Jewelry: Diamonds, pearls, gold, silver and platinum will dazzle your gift recipient’s eyes. When buying, make sure to ask for certificates of guarantee and appraisal. Places to shop for jewelry include department stores, Jongno’s Jewelry Street, Gangnam’s Jewelry Wholesalers and Namdaemun’s Gift Market. Department stores carry luxury brands such as Tiffany, Bulgari, Cartier, Chaumet and Golden Dew, while less expensive counterparts can be found on Jongno’s Jewelry Street.
Electronics: Electronics, such as notebook computers, digital cameras, camcorders and MP3 players, can be picked up at department stores, the Yongsan Electronics Market, discount marts, Technomart and other locations. The Yongsan Electronics Market is famous for its wide selection and great prices. Computers, household appliances and game software are available, and there’s even a market for used goods. Most stores offer discounts for cash purchases.
Cell-phone chains: A modern Asian gift, cell-phone chains range from cute and cheap plastic to more expensive handcrafted offerings. Traditional Korean chains are popular gifts. They cost about two or three times more than regular chains, but many are beautifully designed with great workmanship.
Pottery: Dating to the 14th century, Okinawan pottery is known for its warm, earthy touch with lavish use of red enamel. Potters’ techniques were remarkably advanced when glazing was introduced by Korean potters in the 17th century, when the island prospered under the Kingdom of the Ryukyus. Tea cups, dishes, plates and flower vases are favorite items for tourists as well as locals.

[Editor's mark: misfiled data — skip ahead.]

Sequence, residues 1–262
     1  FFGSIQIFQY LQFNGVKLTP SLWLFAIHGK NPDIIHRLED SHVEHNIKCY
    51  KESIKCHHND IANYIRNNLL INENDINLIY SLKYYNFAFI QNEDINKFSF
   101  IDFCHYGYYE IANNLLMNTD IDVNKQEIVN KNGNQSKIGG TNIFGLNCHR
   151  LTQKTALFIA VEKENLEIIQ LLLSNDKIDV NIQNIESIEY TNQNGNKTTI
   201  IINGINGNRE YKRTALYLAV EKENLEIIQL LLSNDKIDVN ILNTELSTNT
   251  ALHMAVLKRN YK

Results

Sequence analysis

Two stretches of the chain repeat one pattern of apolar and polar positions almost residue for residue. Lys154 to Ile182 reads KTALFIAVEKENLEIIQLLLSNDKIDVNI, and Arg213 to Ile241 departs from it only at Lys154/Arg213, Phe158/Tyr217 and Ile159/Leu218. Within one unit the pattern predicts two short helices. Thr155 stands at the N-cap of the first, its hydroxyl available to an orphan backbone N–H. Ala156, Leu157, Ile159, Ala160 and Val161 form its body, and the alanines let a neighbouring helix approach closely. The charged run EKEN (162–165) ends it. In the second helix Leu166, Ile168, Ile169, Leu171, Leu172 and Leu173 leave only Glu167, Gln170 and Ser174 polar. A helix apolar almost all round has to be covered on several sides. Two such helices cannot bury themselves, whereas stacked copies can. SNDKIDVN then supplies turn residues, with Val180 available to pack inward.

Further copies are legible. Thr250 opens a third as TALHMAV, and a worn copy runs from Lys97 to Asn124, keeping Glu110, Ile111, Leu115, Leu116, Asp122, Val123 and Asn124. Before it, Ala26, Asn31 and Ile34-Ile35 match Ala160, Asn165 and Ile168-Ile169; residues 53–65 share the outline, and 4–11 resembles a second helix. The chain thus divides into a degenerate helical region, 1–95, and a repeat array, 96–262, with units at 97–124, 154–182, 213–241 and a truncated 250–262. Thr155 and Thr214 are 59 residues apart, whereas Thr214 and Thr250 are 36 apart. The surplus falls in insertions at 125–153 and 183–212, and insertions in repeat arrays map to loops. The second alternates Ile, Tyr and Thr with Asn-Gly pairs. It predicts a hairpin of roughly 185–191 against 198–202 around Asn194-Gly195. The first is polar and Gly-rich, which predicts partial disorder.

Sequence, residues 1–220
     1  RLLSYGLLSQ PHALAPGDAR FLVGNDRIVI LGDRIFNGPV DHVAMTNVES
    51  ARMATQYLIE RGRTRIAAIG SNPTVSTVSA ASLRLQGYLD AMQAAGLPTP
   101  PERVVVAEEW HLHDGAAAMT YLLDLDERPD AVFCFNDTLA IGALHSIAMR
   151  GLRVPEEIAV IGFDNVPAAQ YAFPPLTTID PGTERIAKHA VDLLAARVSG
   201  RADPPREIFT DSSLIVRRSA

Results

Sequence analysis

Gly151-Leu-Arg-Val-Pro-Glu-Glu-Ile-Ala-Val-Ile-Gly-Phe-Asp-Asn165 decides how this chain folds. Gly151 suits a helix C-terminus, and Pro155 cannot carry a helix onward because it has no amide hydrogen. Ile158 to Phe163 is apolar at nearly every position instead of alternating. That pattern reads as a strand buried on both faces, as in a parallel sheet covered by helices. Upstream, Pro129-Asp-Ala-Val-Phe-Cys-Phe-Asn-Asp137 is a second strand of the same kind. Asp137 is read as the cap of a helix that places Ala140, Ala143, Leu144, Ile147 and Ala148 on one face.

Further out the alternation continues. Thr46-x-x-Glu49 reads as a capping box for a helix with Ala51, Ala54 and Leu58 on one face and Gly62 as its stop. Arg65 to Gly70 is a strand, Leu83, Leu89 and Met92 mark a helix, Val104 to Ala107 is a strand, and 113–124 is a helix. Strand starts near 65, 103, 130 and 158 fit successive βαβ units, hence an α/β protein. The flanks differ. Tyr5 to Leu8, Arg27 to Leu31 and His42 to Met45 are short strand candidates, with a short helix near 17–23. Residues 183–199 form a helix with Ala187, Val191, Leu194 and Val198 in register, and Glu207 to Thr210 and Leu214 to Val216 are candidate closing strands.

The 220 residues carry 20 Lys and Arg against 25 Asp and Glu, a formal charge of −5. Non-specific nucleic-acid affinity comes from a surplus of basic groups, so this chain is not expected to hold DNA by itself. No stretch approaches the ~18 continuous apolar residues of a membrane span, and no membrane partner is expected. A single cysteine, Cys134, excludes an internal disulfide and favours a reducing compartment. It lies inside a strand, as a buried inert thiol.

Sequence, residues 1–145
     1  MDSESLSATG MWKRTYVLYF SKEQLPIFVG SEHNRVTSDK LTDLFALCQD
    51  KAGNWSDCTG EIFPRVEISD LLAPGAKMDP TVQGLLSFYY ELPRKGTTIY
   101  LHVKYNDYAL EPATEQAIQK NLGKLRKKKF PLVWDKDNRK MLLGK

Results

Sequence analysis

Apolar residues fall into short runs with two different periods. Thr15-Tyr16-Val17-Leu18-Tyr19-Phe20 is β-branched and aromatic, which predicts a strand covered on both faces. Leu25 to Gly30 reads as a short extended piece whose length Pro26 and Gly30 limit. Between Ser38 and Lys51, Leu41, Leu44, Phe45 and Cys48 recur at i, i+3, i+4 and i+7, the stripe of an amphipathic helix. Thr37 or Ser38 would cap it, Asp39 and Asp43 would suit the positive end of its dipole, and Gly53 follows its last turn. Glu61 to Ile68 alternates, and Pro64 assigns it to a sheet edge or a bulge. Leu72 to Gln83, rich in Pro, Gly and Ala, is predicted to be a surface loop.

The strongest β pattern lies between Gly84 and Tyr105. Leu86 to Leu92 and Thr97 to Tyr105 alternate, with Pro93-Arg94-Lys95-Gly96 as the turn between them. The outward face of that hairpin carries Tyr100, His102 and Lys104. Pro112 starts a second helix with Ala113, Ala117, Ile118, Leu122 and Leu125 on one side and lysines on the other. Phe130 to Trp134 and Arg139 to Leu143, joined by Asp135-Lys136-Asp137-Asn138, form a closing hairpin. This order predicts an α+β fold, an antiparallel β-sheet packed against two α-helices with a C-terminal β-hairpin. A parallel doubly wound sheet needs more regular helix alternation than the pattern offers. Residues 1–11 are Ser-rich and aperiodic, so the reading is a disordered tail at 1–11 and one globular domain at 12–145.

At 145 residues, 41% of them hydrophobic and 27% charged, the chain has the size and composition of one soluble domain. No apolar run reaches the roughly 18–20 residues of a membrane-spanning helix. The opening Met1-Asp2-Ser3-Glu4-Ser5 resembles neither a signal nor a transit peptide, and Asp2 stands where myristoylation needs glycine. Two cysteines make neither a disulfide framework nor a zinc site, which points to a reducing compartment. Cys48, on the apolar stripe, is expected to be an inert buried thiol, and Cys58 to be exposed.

Shi-shi: The shi-shi dog is a comical ceramic figurine often seen on the rooftops of Okinawan homes. Believed to ward off evil, it may be the most popular souvenir from Okinawa.
Lacquerware: The art of lacquer on Okinawa was established in the late 14th century. Ryukyu lacquerware is unique among Japanese lacquerware with its highly developed techniques that include raised appliqué, gilt-line engraving, mother-of-pearl inlay and gold-leaf appliqué. Its color is either black or red. Lacquerware produced during Okinawa’s political independence was mainly red, many say, but the color changed to black when the island was under foreign control.
Glassware: Ryukyu glassware is unique because of its air bubbles and crackle. Okinawa’s glassware history dates back about 100 years, but the modern technique of glass art was developed soon after World War II. Back when resources were scarce, craftsmen used discarded beer, Coke or other soft drink bottles from the U.S. military community. The bright colors — usually blue, green, orange and purple — represent the nature of Okinawa.
Bingata: Colorful dyed textiles illustrate Okinawa’s subtropical nature. The methods were introduced from Indonesia in the 14th century, when the Kingdom of the Ryukyus enjoyed a prosperous golden age through trade with Asian nations. Bingata was traditionally used as material for kimonos by court women and court dancers, who entertained envoys from China. It’s still used primarily to make expensive kimonos. Popular souvenir items made out of the textile are tablecloths, purses and hanging scrolls. Other fabrics and textiles include Kume-jima pongee, Yuntanza Hanaui, Ryukyus ikat and Bashofu. They were developed as material for kimonos, but their use has been expanded to fit modern life in items such as Western-style clothing, handbags, purses, shawls, neckties and wall ornaments.
Hana Kusumoto, Hwang Hae-rym and Chiyomi Sumida contributed to this report.